The invention claimed is: 1. A voltage regulating circuit, for regulating an output voltage in order to minimize an absolute difference between a level of said output voltage and a reference level, said voltage regulating circuit comprising: a voltage regulator and a reference level generator connected to said voltage regulator, said reference level generator being arranged to generate an internal reference level on the basis of said output voltage level and said reference level such that said internal reference level does not exceed said output voltage level by more than a maximum allowed increment, said voltage regulator being arranged to regulate said output voltage in order to minimize an absolute difference between said output voltage level and said internal reference level, wherein: said reference level generator comprises an incrementer, a selection unit, and a multiplexer responsive to said selection unit; said incrementer being arranged to generate, on the basis of said output voltage level an incremented level higher than said output voltage level; said selection unit being arranged to select said internal reference level among two or more multiplexer input levels, said multiplexer input levels comprising at least said reference level and said incremented level; and said multiplexer being arranged to forward said internal reference level to said voltage regulator. 2. A voltage regulating circuit comprising: a voltage regulator including an output to provide an output voltage; an input to receive a target reference voltage; a reference level generator to provide an internal reference voltage, a level of said internal reference voltage based on a level of said output voltage; and a selection unit to provide a selected one of said target reference voltage and said internal reference voltage to said voltage regulator, said selection based on a difference between said target reference voltage and said output voltage, wherein said reference level generator comprises an incrementer arranged to generate an incremented level higher than a level of said output voltage, and said selection unit is arranged to select said incremented level as said internal reference voltage in response to said target reference voltage being higher than said incremented level; or wherein said reference level generator further comprises a decrementer arranged to generate a decremented level lower than said output voltage and said selection unit is arranged to select said decremented level as said internal reference voltage in response to said target reference voltage being lower than said decremented level. 3. The voltage regulating circuit of claim 2 , wherein said reference level generator is arranged to generate said internal reference voltage such that said internal reference voltage does not differ from said output voltage in absolute value by more than a maximum allowed difference. 4. The voltage regulating circuit of claim 2 , wherein said selection unit is arranged to select said target reference voltage in response to said target reference voltage being lower than said incremented level. 5. The voltage regulating circuit of claim 2 , wherein said incrementer comprises an adder arranged to generate said incremented level by adding a positive increment to said level of said output voltage. 6. The voltage regulating circuit of claim 2 , wherein said selection unit is arranged to select said target reference voltage in response to said target reference voltage being lower than said incremented level but higher than said decremented level. 7. The voltage regulating circuit of claim 2 , wherein said decrementer comprises a subtractor arranged to generate said decremented level by adding a negative increment to said level of said output voltage. 8. The voltage regulating circuit of claim 2 , further comprising a feedback loop for feeding said output voltage back to said voltage regulator, said voltage regulator being arranged to vary said level of said output voltage on the basis of said level of said output voltage and said level of said internal reference voltage in order to minimize an absolute difference between said level of said output voltage and said level of said internal reference voltage. 9. The voltage regulating circuit of claim 2 , wherein said voltage regulating circuit is connected to a load, said load arranged to be powered by said output voltage. 10. An electronic device comprising the voltage regulating circuit of claim 2 , said electronic device comprising two or more loads and a voltage source for powering said loads, said loads being connected parallel, said voltage regulating circuit being connected between said voltage source and a first load of said loads so as to apply said output voltage to said first load. 11. A method comprising: receiving a target reference voltage at a voltage regulating circuit, the voltage regulating circuit to provide an output voltage; generating an internal reference voltage, a level of said internal reference voltage based on a level of said output voltage; and generating said output voltage in response to selecting one of said target reference voltage and said internal reference voltage, said selection based on a difference between said target reference voltage and said output voltage wherein generating said internal reference voltage further comprises: generating an incremented internal reference voltage that is greater than said output voltage, and selecting said incremented internal reference voltage in response to said target reference voltage being higher than said incremented internal reference voltage; or generating a decremented internal reference voltage that is lower than said output voltage, selecting said decremented internal reference voltage in response to said target reference voltage being lower than said decremented internal reference voltage. 12. The method of claim 11 , wherein said internal reference voltage does not differ from said output voltage in absolute value by more than a maximum allowed difference. 13. The method of claim 11 , further comprising selecting said target reference voltage in response to said target reference voltage being lower than said incremented internal reference voltage. 14. The method of claim 11 , further comprising selecting said target reference voltage in response to said target reference voltage being lower than said incremented internal reference voltage and higher than said decremented internal reference voltage.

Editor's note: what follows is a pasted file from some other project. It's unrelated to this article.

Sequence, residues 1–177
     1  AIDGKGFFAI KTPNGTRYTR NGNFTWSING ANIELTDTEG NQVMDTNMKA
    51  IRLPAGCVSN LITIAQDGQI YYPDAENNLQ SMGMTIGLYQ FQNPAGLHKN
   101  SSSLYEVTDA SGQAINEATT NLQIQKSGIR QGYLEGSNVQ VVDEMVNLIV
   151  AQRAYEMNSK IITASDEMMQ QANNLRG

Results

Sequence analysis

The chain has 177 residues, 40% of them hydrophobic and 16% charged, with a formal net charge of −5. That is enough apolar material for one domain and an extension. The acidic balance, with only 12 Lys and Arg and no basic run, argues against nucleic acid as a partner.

FIELD OF THE INVENTION This invention relates to a voltage regulating circuit and a method of regulating an output voltage. BACKGROUND OF THE INVENTION Voltage regulating circuits may be encountered in virtually all kinds of electric and electronic devices. Typically, a voltage regulating circuit controls an output voltage such that the output voltage level differs as little as possible from a defined reference level. A voltage level is an instantaneous value of the voltage between two defined points or, equivalently, a momentary value of the electrical potential at a defined point or node relative to a given reference potential, for example, a ground potential. A reference level may also be referred to as a target level. A voltage regulating circuit may comprise a feedback mechanism for controlling the output voltage level in dependence on the output voltage level. The voltage regulating circuit may, for instance, be arranged to adapt the output voltage level by iteration on the basis of the difference between the output voltage level and the reference level. However, non-iterative voltage regulating circuits also exist. The output voltage may be applied to a consumer, such as a functional unit of an electronic circuit in order to power the consumer. The power consumption may be controlled by means of the reference voltage. For instance, a consumer powered by the output voltage may be powered on and off in dependence on whether the reference level is above or below a certain threshold. In a typical scenario, the reference voltage is set to e.g., 9 volts for powering the consumer and to, e.g., 0 volts for switching the consumer off or for setting it into an idle or sleep state. Varying the reference level may, however, induce undesired variations in the level of the supply voltage. For instance, increasing the reference level quasi instantly from, e.g., 0 volts to, e.g., 9 volts may cause an undesired sag in the supply voltage level. Such sag or voltage drop may affect other consumers that are possibly powered by the supply voltage. Therefore, it may be beneficial to provide circuitry in which the supply voltage level is less sensitive to a consumer being switched on or off. U.S. patent application publication number US 2010/0253314 A1 (Bitting) describes an adaptive voltage and scaling optimization optimization circuit which detects operating parameters of a core logic and generates a voltage control signal to control a reference voltage regulator. U.S. Pat. No. 6,384,645 B2 (Brambilla and Cleris) describes an integrated circuit for producing a small slope voltage ramp. SUMMARY OF THE INVENTION The present invention provides a voltage regulating circuit and a method of regulating an output voltage as described in the accompanying claims. Specific embodiments of the invention are set forth in the dependent claims. These and other aspects of the invention will be apparent from and elucidated with reference to the embodiments described hereinafter. BRIEF DESCRIPTION OF THE DRAWINGS Further details, aspects and embodiments of the invention will be described, by way of example only, with reference to the drawings. In the drawings, like reference numbers are used to identify like or functionally similar elements. Elements in the figures are illustrated for simplicity and clarity and have not necessarily been drawn to scale. FIG. 1 schematically shows an example of an embodiment of an electronic device. FIG. 2 schematically shows an example of an embodiment of a voltage regulating circuit. FIG. 3 schematically shows an example of an embodiment of a voltage regulating circuit. FIG. 4 schematically shows an example of an embodiment of a voltage regulating circuit comprising a reference level generator. FIG. 5 shows a schematic graph of a reference level, an output voltage level, an incremented level and an internal reference level as functions of time. FIG. 6 shows a schematic graph of a charging current as function of time. FIG. 7 schematically shows an example of an embodiment of a reference level generator. FIG. 8 shows a schematic graph of a reference level, an output voltage level, a decremented level, and an internal reference level as functions of time. FIG. 9 schematically shows an example of an embodiment of a reference level generator. FIG. 10 schematically shows an example of an embodiment of an incrementer. FIG. 11 schematically shows an example of an embodiment of a decrementer. FIG. 12 schematically shows an example of an embodiment of a method of regulating an output voltage. FIG. 13 schematically shows an example of an embodiment of a method of regulating an output voltage. FIG. 14 shows a schematic graph of a supply voltage level and an output voltage level. FIG. 15 shows a schematic graph of a supply voltage level and an output voltage level. FIG. 16 shows a schematic graph of a supply voltage level and an output voltage level. DETAILED DESCRIPTION OF THE PREFERRED EMBODIMENTS Because the illustrated embodiments of the present invention may for the most part be implemented using electronic components and circuits known to those skilled in the art, details will not be explained in any greater extent than that considered necessary as illustrated above, for the understanding and appreciation of the underlying concepts of the present invention and in order not to obfuscate or distract from the teachings of the present invention. FIG. 1 illustrates an example of an electronic device 10 . Device 10 may comprise, for example, a voltage supply 12 for providing a voltage relative to ground 14 , a voltage regulator 16 for providing an operating voltage VDDC, and one or more consumers (loads) for being powered by the operating voltage VDDC. Voltage supply 12 may, for example, be a battery or an AC to DC converter. In the example, said one or more loads comprise a first load 26 , a second load 30 , and a third load 34 coupled in parallel. The loads 26 , 30 , and 34 may thus be operated independently from each other. Further, a capacitor 24 may be coupled in parallel to the loads 26 , 30 and 34 for stabilizing the operating voltage VDDC. The various components of the electronic device 10 may be connected by conductor 38 . Voltage regulator 16 may comprise, for example, a first input 18 , a second input 20 , and an output 22 . Output 22 may be connected to the first input 18 via a feedback loop 40 . Voltage regulator 16 may receive a reference voltage VREF via the second input 20 and regulate the output voltage VDDC accordingly. For instance, voltage regulator 16 may compare the output voltage level VDDC received via first input 18 to the reference level VREF received via second input 20 and perform a controlling action in dependence on the difference between operating voltage level VDDC and reference level VREF. The controlling action may, for example, comprise opening or closing a power switch in the voltage regulator 16 . Voltage regulator 16 may also be referred to as operating voltage regulator or external regulator. Each of said loads 26 , 30 , and 34 may be coupled in series with a power switch or other kind of voltage regulating circuit 28 , 32 , 36 . In the example, a power regulating circuit 28 is connected in series to the first load 26 . Voltage regulating circuit 28 may be operable to control the operating voltage applied across the first load 26 . For example, voltage regulating circuit 28 may be arranged to reduce the operating voltage across load 26 to, e.g., 0 in order to save energy when load 26 does not need to be operated. Similarly, voltage regulating circuits 32 and 36 may be coupled in series to loads 30 and 34 , respectively. To summarize, the voltage regulating circuit 28 may be connected to a load, such as load 26 shown in FIG. 1 . The load may thus be powered by the output voltage. For instance, the voltage regulating circuit 28 may form part of an electronic device, e.g. electronic device 10 . Electronic device 10 may, for instance, comprise two or more loads 26 , 30 , 34 and a voltage source 22 for powering the loads. The loads 26 , 30 , 34 may be connected parallel. The voltage regulating circuit 28 may notably be connected between the voltage source 22 and a first one (in the example, load 26 ) of the loads so as to apply the output voltage VDDG to the first load. An example of an embodiment of a voltage regulating circuit 28 is described in reference to FIG. 2 . In the shown example, voltage regulating circuit 28 is of a design similar to voltage regulator 16 described above in reference to FIG. 1 . Voltage regulator 42 may comprise an output 48 for providing an output voltage VDDG, a first input 46 for receiving a reference voltage BGREF, and a second input 44 for receiving the output voltage VDDG via a feedback loop 54 . Voltage regulator 42 may be arranged to compare the output voltage VDDC to the reference voltage BGREF and to control the output voltage VDDG accordingly, such that a difference between VDDG and BGREF is minimized iteratively. The output voltage VDDG may be applied to, for example, load 26 shown in FIG. 1 . Alternatively, voltage regulating circuit 28 may be integrated in or connected to other kinds of circuitry. The voltage regulating circuit 28 may further comprise a capacitor 56 for stabilizing the output voltage VDDG. Capacitor 56 may, for example, be coupled between output 48 and ground 14 . In other words, capacitor 56 may be coupled in parallel to load 26 . An abrupt variation of the reference voltage BGREF, for instance, a sudden low to high transition for switching on the load 26 , may provoke a temporary drop in the operating voltage VDDC provided by, e.g., output 22 of the operating voltage regulator 16 . Such a drop may be caused by charge sharing, for example between the capacitors 24 and 56 . Electrical charge accumulating at capacitor 56 to increase the output voltage VDDG may be drawn in part from capacitor 24 . In other words, capacitor 24 may temporarily lose some of its charge to capacitor 56 . The resulting sag in the operating voltage VDDC may eventually be corrected by regulator 16 but may nevertheless have undesired effects, for instance, on other loads powered by the operating voltage VDDC, e.g. loads 30 and 34 shown in FIG. 1 . FIG. 3 further illustrates an example of a voltage regulator 42 described above in reference to FIG. 2 . Voltage regulator 42 may, for example, comprise a power switch 50 and a controller 52 for controlling power switch 50 . Power switch 50 may, for example, be a transistor, for example a PMOS or NMOS field effect transistor (FET). In the example, power switch 50 is a PMOS transistor having a source connected to operating voltage provider 22 (output 22 of regulator 16 ), a drain connected to output 48 for providing the output voltage VDDG, and a gate connected to controller 52 . Controller 52 may comprise, for example, an output 58 for providing a controlling voltage to the gate of PMOS transistor 50 , the first input 46 for receiving reference level BGREF, and a second input 44 for receiving the output voltage VDDG via feedback loop 54 . Controller 52 may be arranged to control the controlling voltage and, thus, the source-to-drain conductivity of PMOS transistor 50 in dependence on the difference between the output voltage level VDDG and the reference level BGREF. For instance, controller 52 may be arranged to increase the source-to-drain conductivity, i.e., open the switch 50 , in response to VDDG being less than BGREF, and decrease the source-to-drain conductivity, i.e., close the switch 50 , in response to VDDG being above BGREF. When power switch 50 is open (conductive), an electrical charging current from operating voltage provider 22 to capacitor 56 and/or any load, e.g. load 26 , connected to output 48 may occur, possibly causing a sag in the operating voltage VDDC. FIG. 4 illustrates an example of a modified embodiment of voltage regulating circuit 28 described above in reference to FIGS. 1, 2, and 3 . The voltage regulating circuit 28 may regulate an output voltage in order to minimize an absolute difference between a level of the output voltage VDDG and the reference level BGREF. An absolute difference is the absolute value of a difference between two values. The voltage regulating circuit 28 may notably comprise a voltage regulator 42 and a reference level generator 60 connected to the voltage regulator 42 . The reference level generator 60 may be arranged to generate an internal reference level MREF, on the basis of, e.g., the output voltage level VDDG and the reference level BGREF, such that the internal reference level MREF does not exceed the output voltage level VDDG by more than a maximum allowed increment. The voltage regulator 42 may be arranged to regulate the output voltage in order to minimize an absolute difference between the output voltage level VDDG and the internal reference level MREF. To this end, the voltage regulating circuit 28 comprise, for example, a feedback loop 54 for feeding the output voltage level VDDG back to the voltage regulator 42 . More specifically, the voltage regulating circuit 28 as shown may comprise a reference level generator 60 for generating a modified reference level MREF, referred to herein as internal reference level. Reference level generator 60 may comprise a first input 64 for receiving the original (external) reference level BGREF, a second input 62 for receiving the output voltage level VDDG via feedback loop 54 , and an output 66 for providing the internal reference level MREF. Output 66 of the reference level generator 60 may be connected to input 46 of voltage regulator 42 . Thus, the internal reference level MREF may be fed to voltage regulator 52 in place of the external reference level BGREF. Reference level generator 60 may be arranged to generate the internal reference level MREF on the basis of the output voltage level VDDG and the reference level BGREF. More specifically, reference level generator 60 may be arranged to generate the internal reference level MREF such that the internal reference level MREF does not exceed the output voltage level (VDDG) by more than a maximum allowed increment. The variation in time of the internal reference level MREF and hence the variation in time of the output voltage VDDG may thus be limited. A sag in the operating voltage caused by variations in the output voltage level VDDG may thus be reduced. Operation of an example of the voltage regulating circuit 28 described above in reference to FIG. 4 is further described in reference to FIG. 5 . In the shown scenario, the reference level BGREF received by reference level generator 60 assumes a low level V0 and a high level V1 at instants T before T1 and instants T after T1, respectively. At time T1, reference level BGREF passes quasi instantaneously from V0 (low) to V1 (high), for example, in response to a switch on signal indicating that a load, e.g., load 26 is to be activated or switched on. The output voltage level VDDG may be generated in response to the reference level BGREF. In the example, reference level generator 60 may generate an incremented level VINC which is higher than the output voltage level VDDG. In the example, VINC equals VDDG plus D1, D1 being a fixed or adjustable increment. Reference level generator 60 may be arranged to output as internal reference level MREF either the external reference level BGREF or the incremented level VINC depending on which one is higher. More specifically, reference level generator 60 may output the incremented level VINC when reference level BGREF is higher than the incremented level VINC, and otherwise output reference level BGREF. Thus, it may be ensured that the internal reference level MREF is less than or equal to the incremented level VINC at any instant T. Furthermore, it may be ensured that the reference level BGREF is output as the internal reference level MREF when the output voltage level VDDG has approached the reference level BGREF. In the example, this occurs at instant T2, namely, when the incremented level VINC has reached the reference level BGREF. At time T3, the output voltage level VDDG has practically the reference level BGREF. It is noted that at any instant T, the rate of change of output voltage level VDDG, i.e. the time derivative of VDDG, may be proportional to the difference between output level VDDG and internal reference level MREF, multiplied by a gain of voltage regulator 42 . The resulting charging current IDDG, defined as the electrical current through e.g. regulator 42 , may be equal or at least approximately equal to the time derivative of the output voltage level VDDG. The charging current IDDG of the example scenario of FIG. 1 is schematically plotted as a function of time T in FIG. 6 . Referring now to FIG. 7 , the reference level generator 60 may comprise an incrementer 68 , a selection unit 78 and a multiplexer 72 responsive to the selection unit 78 . The incrementer 68 may be arranged to generate, on the basis of the output voltage level VDDG, an incremented level VINC higher than the output voltage level VDDG. The selection unit 78 may be arranged to select the internal reference level MREF among two or more multiplexer input levels. The multiplexer input levels may comprise, for example, at least the reference level BGREF and the incremented level VINC. The multiplexer 72 may be arranged to forward the internal reference level MREF to the voltage regulator 42 . The selection unit 78 may be arranged, for example, to select the incremented level VINC as the internal reference level MREF in response to the reference level BGREF being higher than the incremented level VINC. The selection unit 78 may additionally be arranged to select the reference level BGREF as the internal reference level MREF in response to the reference level BGREF being lower than the incremented level VINC. Reference level generator 60 may thus comprise, for example, an incrementer 68 , a multiplexer 72 , and a selection unit 78 , as schematically shown in FIG. 7 . Incrementer 68 may be arranged to receive the output voltage level VDDG via input 62 and to output an incremented level VINC via output 70 . Reference level BGREF and incremented level VINC may be fed to a first input 76 and a second input 74 of multiplexer 72 , respectively. Multiplexer 72 may output either incremented level VINC or reference level BGREF as prescribed by a selection signal 80 . Selection signal 80 may be generated by selection unit 78 on the basis of, e.g. reference level BGREF and incremented level VINC. Referring now to FIG. 8 , the reference level generator 60 may be arranged to generate the internal reference level MREF such that the internal reference level MREF does not differ from the output voltage level VDDG in absolute value by more than a maximum allowed difference. For example, the voltage regulating circuit 28 described above in reference to FIGS. 4 to 7 may be arranged to restrict the variation of said internal reference level MREF not only when the external reference level BGREF is increased, but also when the external reference level is decreased. In other words, the reference level generator 60 may be adapted to handle not only low to high transitions of the reference level BGREF (rising edges, see FIG. 5 ) but also high to low transitions (falling edges, see FIG. 8 ). To this end, the reference level generator 60 may generate a decremeted level VDEC that is lower than the output voltage level VDDG, and further select as internal reference level MREF one of said levels VINC, BGREF, and VDEC. The plot in FIG. 8 illustrates a scenario in which the external reference level BGREF changes abruptly from level V1 (high) to level V0 (low) at instant T4. In the example, reference level generator 60 outputs, as internal reference level MREF, the decremeted level VDEC if reference level BGREF is lower than decremeted reference level VDEC, and reference level BGREF otherwise. Thus, a high to low transition may be treated in a manner that is analogous to the one described above in reference to a low to high transition. As illustrated in FIG. 7 , the reference level generator 60 may further comprise a decrementer 82 for generating, on the basis of the output voltage level VDDG, a decremented level VDEC lower than the output voltage level VDDG. The multiplexer input levels may further comprise the decremented level VDEC. The selection unit 78 may be arranged to select the decremented level VDEC as the internal reference level MREF, e.g. in response to the reference level BGREF being lower than the decremented level VDEC. The selection unit 78 may notably be arranged to select the reference level BGREF as the internal reference level MREF in response to the reference level BGREF being lower than the incremented level VINC but higher than the decremented level VDEC. Reference level generator 60 may thus comprise, in addition said incremeter 68 , a decrementer 82 having an output 84 for outputting a decremented level VDEC higher than said output voltage level VDDG. The incremented level VINC, the decremented level VDEC, and the reference level BGREF may be fed to multiplexer 72 which outputs one of these signals in accordance with selection signal 80 . Selection signal 80 may be generated by selection unit 78 on the basis of, e.g., the incremented level VINC, the decremented level VDEC, and the reference level BGREF. The level that is output by multiplexer 72 , that is the level selected by selection unit 8 may constitute or represent the internal reference level MREF. Incrementer 68 may, for example, comprise an adder 86 for adding an increment D1 to output voltage level VDDG to generate said incremented level VINC (see FIG. 10 ). Adder 86 may comprise, e.g., a summing amplifier. Similarly, decrementer 82 may comprise a subtractor 88 for subtracting a decrement D2 from output voltage level VDDG to generate said decremented level VDEC (see FIG. 11 ). Subtractor 88 may comprise, e.g., a differential amplifier. In many applications, it may be sufficient to limit the rate of change (i.e. the time derivative, or slope, or slew rate) of the output voltage level, e.g. VDDG, only in the event of a rising edge of the reference level, e.g. BGREF, while falling edges may be unproblematic. For instance, as explained above, a sharp increase of the output voltage level may induce a sag in the operating voltage level, e.g., VDDC. On the other hand, a sharp decrease of the output voltage VDDG does not necessarily have any noticeable effect on the operating voltage. A voltage regulating circuit 28 as described above in reference to FIGS. 4, 5, and 6 may be particularly well adapted for such applications. For other applications, a voltage regulating circuit 28 capable of limiting the slew rate of the output voltage for both rising and falling edges may be more convenient. A method of limiting the slew rate of the output voltage level for both rising and falling edges is described, by way of example, in reference to FIGS. 12 and 13 . The method may be performed, for instance, using the voltage regulating circuit 28 described above in reference to FIG. 9 . It is noted that the method can easily be adapted in order to limit the slew rate of the output voltage level VDDG in the event of rising edges only. FIGS. 12 and 13 illustrate an example of a method of regulating an output voltage. Regulating means controlling or influencing the output voltage in order to minimize an absolute difference between a level VDDG of the output voltage and a reference level BGREF. An internal reference level MREF may be generated (blocks S to S 6 ) on the basis of the output voltage level VDDG and the reference level BGREF such that the internal reference level MREF does not exceed the output voltage level VDDG by more than a maximum allowed increment. The output voltage may be regulated (block S 7 ) in order to minimize an absolute difference between the output voltage level VDDG and the internal reference level MREF. The reference level BGREF may, for example, rise from a low level to a high level. The low level and the high level may, for instance, be the levels V0 and V1, respectively, as shown in FIG. 5 . The maximum allowed increment may be less than, e.g., twenty percent of the difference between the low level and the high level. The rate of change of the output voltage can thus be limited. For example, an incremented level VINC and a decremeted level VDEC may be generated from output voltage level VDDG (block S 1 ). Incremented level VINC may be generated, for instance, by adding a positive increment D1 to output voltage level VDDG. Decremented level VDEC may be generated, for instance, by adding a negative decrement D2 to output voltage level VDDG. If reference level BGREF is higher than incremented level VINC (block S 2 ), incremented level VINC may be used an internal reference level MREF (block S 3 ), as schematically illustrated in FIG. 13 , plot (A). If, however, reference level BGREF is lower than decremeted level VDEC (block S 4 ), decremented level VDEC may be used as internal reference level MREF (block S 5 ), as schematically illustrated in FIG. 13 , plot (C). If, however, reference level BGREF is not higher than incremented level VINC and not lower than decremented level VDEC, reference level BGREF may be used as internal reference level MREF (block S 6 ), as schematically illustrated in FIG. 13 , plot (B). A new output voltage level VDDG may then be generated in dependence on the current output voltage level VDDG and the current internal reference level MREF (block S 7 ). For example, the new output voltage level VDDG may be generated by a voltage regulator on the basis of a difference, e.g. VDDG minus MREF, of output voltage level VDDG and internal reference level MREF. The process flow may then return to block S 1 . The method described above in reference to FIG. 12 can be easily adapted to applications in which the output voltage level VDDG should be prevented from rising too rapidly but not from falling very rapidly. This may be achieved, for instance, by omitting block S 4 in the flow chart of FIG. 12 , so that the process flow proceeds from block S 2 directly to block S 6 if BGREF is equal to or less than VINC. Similarly, by omitting step S 2 in the flow chart of FIG. 12 , so that the process flow proceeds from block S 1 directly to block S 4 if BGREF is equal to or greater than VDEC, the output voltage level VDDG may be prevented from decreasing too rapidly, while not preventing it from rising very rapidly. FIGS. 14, 15 and 16 illustrate experimental measurements of operating voltage level VDDC (“ext cap”, full line) and output voltage level VDDG (“int cap”, dotted line) observed in three different circuits. An external reference level BGREF (not plotted) was applied and varied identically in each of the three measurements. FIG. 14 relates to a circuit in which output voltage level VDDG is controlled directly by a reference level BGREF that increases abruptly at instant 0. A voltage regulating circuit of the kind described above in reference to FIGS. 2 and 3 was used. The operating voltage level VDDC is seen to exhibit a sag with a minimum at about 35 microseconds. FIG. 15 illustrates the behaviour of VDDC and VDDG for a technique in which an internal reference level MREF is generated as a predefined small-slope voltage ramp, in dependence on the reference level BGREF but not on the output voltage level VDDG. In the example, the internal reference level (MREF) was generated as an increasing step function. No sag was observed in the operating voltage VDDC. FIG. 16 reports measurements performed on a voltage regulating circuit 28 as described above in reference to FIG. 4 . In contrast to the technique described above in reference to FIG. 15 , the internal reference level MREF was generated not only in dependence on reference level BGREF but also on the output voltage level VDDG. Compared to FIG. 14 , the sag in the operating voltage level VDDC is significantly reduced. In the foregoing specification, the invention has been described with reference to specific examples of embodiments of the invention. It will, however, be evident that various modifications and changes may be made therein without departing from the broader spirit and scope of the invention as set forth in the appended claims. In this application, an input is a place or node at which energy or signals enter a device or circuit. An output is a place or node at which energy or signals leave a device or circuit. The connections as discussed herein may be any type of connection suitable to transfer signals from or to the respective nodes, units or devices, for example via intermediate devices. Accordingly, unless implied or stated otherwise, the connections may for example be direct connections or indirect connections. The connections may be illustrated or described in reference to being a single connection, a plurality of connections, unidirectional connections, or bidirectional connections. However, different embodiments may vary the implementation of the connections. For example, separate unidirectional connections may be used rather than bidirectional connections and vice versa. Also, a plurality of connections may be replaced with a single connections that transfers multiple signals serially or in a time multiplexed manner. Likewise, single connections carrying multiple signals may be separated out into various different connections carrying subsets of these signals. Therefore, many options exist for transferring signals. Although specific conductivity types or polarity of potentials have been described in the examples, it will be appreciated that conductivity types and polarities of potentials may be reversed. Each signal described herein may be designed as positive or negative logic. In the case of a negative logic signal, the signal is active low where the logically true state corresponds to a logic level zero. In the case of a positive logic signal, the signal is active high where the logically true state corresponds to a logic level one. Note that any of the signals described herein can be designed as either negative or positive logic signals. Therefore, in alternate embodiments, those signals described as positive logic signals may be implemented as negative logic signals, and those signals described as negative logic signals may be implemented as positive logic signals. Furthermore, the terms “assert” or “set” and “negate” (or “deassert” or “clear”) are used herein when referring to the rendering of a signal, status bit, or similar apparatus into its logically true or logically false state, respectively. If the logically true state is a logic level one, the logically false state is a logic level zero. And if the logically true state is a logic level zero, the logically false state is a logic level one. Those skilled in the art will recognize that the boundaries between logic blocks are merely illustrative and that alternative embodiments may merge logic blocks or circuit elements or impose an alternate decomposition of functionality upon various logic blocks or circuit elements. Thus, it is to be understood that the architectures depicted herein are merely exemplary, and that in fact many other architectures can be implemented which achieve the same functionality. For example, selection unit 78 and multiplexer 72 may be merged in one unit. Multiplexer 72 of FIG. 9 may be composed of two multiplexers connected in series. Any arrangement of components to achieve the same functionality is effectively “associated” such that the desired functionality is achieved. Hence, any two components herein combined to achieve a particular functionality can be seen as “associated with” each other such that the desired functionality is achieved, irrespective of architectures or intermedial components. Likewise, any two components so associated can also be viewed as being “operably connected,” or “operably coupled,” to each other to achieve the desired functionality. Furthermore, those skilled in the art will recognize that boundaries between the above described operations merely illustrative. The multiple operations may be combined into a single operation, a single operation may be distributed in additional operations and operations may be executed at least partially overlapping in time. Moreover, alternative embodiments may include multiple instances of a particular operation, and the order of operations may be altered in various other embodiments. Also for example, in one embodiment, the illustrated examples may be implemented as circuitry located on a single integrated circuit or within a same device. For example, capacitors 24 and 56 may be located on a chip together with external regulator 16 and internal regulator 42 . Alternatively, the examples may be implemented as any number of separate integrated circuits or separate devices interconnected with each other in a suitable manner. For example, voltage regulating circuit 28 may be implemented as a separate integrated circuit that may be connected to a separate voltage source, e.g. output 22 , and to one or more loads, e.g. load 26 . Also for example, the examples, or portions thereof, may implemented as soft or code representations of physical circuitry or of logical representations convertible into physical circuitry, such as in a hardware description language of any appropriate type. Also, the invention is not limited to physical devices or units implemented in non-programmable hardware but can also be applied in programmable devices or units able to perform the desired device functions by operating in accordance with suitable program code, such as mainframes, minicomputers, servers, workstations, personal computers, notepads, personal digital assistants, electronic games, automotive and other embedded systems, cell phones and various other wireless devices, commonly denoted in this application as ‘computer systems’. However, other modifications, variations and alternatives are also possible. The specifications and drawings are, accordingly, to be regarded in an illustrative rather than in a restrictive sense. In the claims, any reference signs placed between parentheses shall not be construed as limiting the claim. The word ‘comprising’ does not exclude the presence of other elements or steps then those listed in a claim. Furthermore, the terms “a” or “an,” as used herein, are defined as one or more than one. Also, the use of introductory phrases such as “at least one” and “one or more” in the claims should not be construed to imply that the introduction of another claim element by the indefinite articles “a” or “an” limits any particular claim containing such introduced claim element to inventions containing only one such element, even when the same claim includes the introductory phrases “one or more” or “at least one” and indefinite articles such as “a” or “an.” The same holds true for the use of definite articles. Unless stated otherwise, terms such as “first” and “second” are used to arbitrarily distinguish between the elements such terms describe. Thus, these terms are not necessarily intended to indicate temporal or other prioritization of such elements. The mere fact that certain measures are recited in mutually different claims does not indicate that a combination of these measures cannot be used to advantage.